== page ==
The Conspiracy

An End


In some ways it feels like yesterday that I walked into this apartment for the first time, toured Pardes for the first time, and met the people who turned out to make up what came to be a fantastic and interesting community of friends. In reality, however, nearly four months have passed. A few weeks ago, as the ‘light at the end of the tunnel’ of my leaving Israel was just beginning to glimmer, I was asked a question whose answer will be the topic of this, my last post. The question: What am I going to take home with me from my time at Pardes, in what ways was my life going to change as a result of my time here?

I see my time here as being defined mainly by the friends I made and the community I had the privilege of being a part of, as well as the ongoing struggle to define for myself what it means to be Jewish — i.e. coming to terms with my Jewish identity.

First, I am determined to keep in touch with the new connections I have made while here. This is no easy task, as after four months I have only recently gotten truly comfortable with my life here, and can only conclude that there is so much more to explore and learn from the people that I have gotten to know. I truly believe that I have had the privilege of studying alongside many future Jewish leaders, whether they end up in the US, Israel, or elsewhere.

On the flip side, I was surprised by how quickly and thoroughly I lost touch with friends and family in America, people amongst who I have always lived. I didn’t think that would be possible, and it only sheds light on how hard it will be to keep in touch with my new “family” in Israel. I expect that I will live in this ‘fragmented’ world from now on, always having connections that I hold dear in multiple places, yet only really being able to engage with those who are physically close to me at a given time.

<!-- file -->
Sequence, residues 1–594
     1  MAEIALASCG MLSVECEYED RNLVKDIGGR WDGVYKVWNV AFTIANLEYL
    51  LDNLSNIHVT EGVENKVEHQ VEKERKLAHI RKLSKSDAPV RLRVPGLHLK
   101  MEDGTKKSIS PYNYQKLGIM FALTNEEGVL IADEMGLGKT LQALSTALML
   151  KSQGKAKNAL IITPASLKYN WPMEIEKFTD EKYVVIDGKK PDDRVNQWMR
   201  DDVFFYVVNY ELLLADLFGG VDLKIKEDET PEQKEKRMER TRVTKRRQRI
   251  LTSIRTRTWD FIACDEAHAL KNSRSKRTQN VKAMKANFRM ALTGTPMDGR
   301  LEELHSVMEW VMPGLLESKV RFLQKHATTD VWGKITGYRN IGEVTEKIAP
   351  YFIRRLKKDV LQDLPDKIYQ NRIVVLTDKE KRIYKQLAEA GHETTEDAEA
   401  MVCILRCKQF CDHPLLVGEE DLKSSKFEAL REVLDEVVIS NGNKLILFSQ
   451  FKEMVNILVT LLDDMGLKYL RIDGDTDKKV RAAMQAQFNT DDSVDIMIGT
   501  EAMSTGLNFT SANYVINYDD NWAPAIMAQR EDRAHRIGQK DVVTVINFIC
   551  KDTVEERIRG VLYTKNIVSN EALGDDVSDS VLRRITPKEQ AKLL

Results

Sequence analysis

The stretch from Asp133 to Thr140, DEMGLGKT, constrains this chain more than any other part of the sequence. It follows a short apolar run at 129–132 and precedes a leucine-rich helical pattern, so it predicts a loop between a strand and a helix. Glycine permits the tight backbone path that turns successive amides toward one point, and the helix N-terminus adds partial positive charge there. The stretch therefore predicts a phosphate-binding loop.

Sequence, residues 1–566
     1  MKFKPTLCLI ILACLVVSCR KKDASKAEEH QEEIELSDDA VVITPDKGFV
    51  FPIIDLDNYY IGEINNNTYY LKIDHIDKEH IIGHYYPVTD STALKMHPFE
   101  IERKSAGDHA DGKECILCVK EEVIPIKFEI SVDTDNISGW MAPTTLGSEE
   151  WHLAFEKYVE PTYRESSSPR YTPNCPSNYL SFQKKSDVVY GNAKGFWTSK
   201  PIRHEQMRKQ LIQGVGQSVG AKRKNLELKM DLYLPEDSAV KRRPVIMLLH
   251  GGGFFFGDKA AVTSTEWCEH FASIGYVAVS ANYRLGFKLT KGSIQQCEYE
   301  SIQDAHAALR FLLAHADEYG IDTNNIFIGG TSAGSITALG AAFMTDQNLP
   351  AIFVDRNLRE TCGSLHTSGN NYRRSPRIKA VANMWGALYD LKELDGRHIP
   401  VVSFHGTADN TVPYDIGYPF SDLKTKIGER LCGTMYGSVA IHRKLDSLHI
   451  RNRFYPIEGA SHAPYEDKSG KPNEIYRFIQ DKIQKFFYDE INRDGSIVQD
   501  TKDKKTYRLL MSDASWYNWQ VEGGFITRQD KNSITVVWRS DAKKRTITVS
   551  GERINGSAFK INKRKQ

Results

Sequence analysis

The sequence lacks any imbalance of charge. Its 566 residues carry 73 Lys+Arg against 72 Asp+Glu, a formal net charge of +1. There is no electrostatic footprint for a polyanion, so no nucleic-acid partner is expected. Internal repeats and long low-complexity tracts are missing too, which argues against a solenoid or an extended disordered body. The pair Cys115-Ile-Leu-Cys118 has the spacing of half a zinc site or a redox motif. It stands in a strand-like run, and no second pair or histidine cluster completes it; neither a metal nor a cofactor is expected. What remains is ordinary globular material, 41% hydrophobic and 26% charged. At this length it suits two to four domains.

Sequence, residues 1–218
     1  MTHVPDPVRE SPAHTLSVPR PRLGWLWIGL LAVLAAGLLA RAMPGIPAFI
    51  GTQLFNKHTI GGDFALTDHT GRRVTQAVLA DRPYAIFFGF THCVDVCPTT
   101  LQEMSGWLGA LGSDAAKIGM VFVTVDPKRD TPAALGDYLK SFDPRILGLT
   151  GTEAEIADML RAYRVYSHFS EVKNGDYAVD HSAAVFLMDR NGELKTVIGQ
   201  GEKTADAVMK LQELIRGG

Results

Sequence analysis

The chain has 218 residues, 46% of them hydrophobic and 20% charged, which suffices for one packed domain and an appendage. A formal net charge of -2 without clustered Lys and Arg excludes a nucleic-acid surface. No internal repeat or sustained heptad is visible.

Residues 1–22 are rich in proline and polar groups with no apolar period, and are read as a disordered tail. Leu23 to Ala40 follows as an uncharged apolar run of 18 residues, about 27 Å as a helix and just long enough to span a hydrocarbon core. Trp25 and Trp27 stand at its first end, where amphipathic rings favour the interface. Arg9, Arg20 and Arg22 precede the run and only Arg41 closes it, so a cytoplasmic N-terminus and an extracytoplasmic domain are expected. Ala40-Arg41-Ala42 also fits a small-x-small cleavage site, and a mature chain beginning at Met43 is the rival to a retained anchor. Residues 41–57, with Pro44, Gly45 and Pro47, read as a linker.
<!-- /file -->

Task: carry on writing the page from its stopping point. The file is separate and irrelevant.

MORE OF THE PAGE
But what brought me to Pardes? If I had been asked, in a moment of clarity, why I was coming to Pardes back in the summer, I may have been able to articulate that continuing to struggle with my Jewish identity had been on the forefront of my mind. That is indeed how I would define my overall ‘project’ here, and why I am considering coming back for another year in September. However, just because I am not physically at Pardes does not mean I have to stop working on how I see Judaism and what my place is in it. Because ritual is so central to so many forms of Judaism, my own ritual observance, and all the changes and developments it will surely undergo in the near (and not-so-near) future must be a chief component of my bringing Pardes home with me.

As an idealistic young person, I have grand hopes and designs for what the Jewish world could and should look like. However, given that, in reality, change happens glacially, the best I can do is to raise issues that will only improve Jewish communities that I am a part of.

Benjamin Barer is studying at the Pardes Institute of Jewish Studies, one of Masa Israel’s 180 programs.

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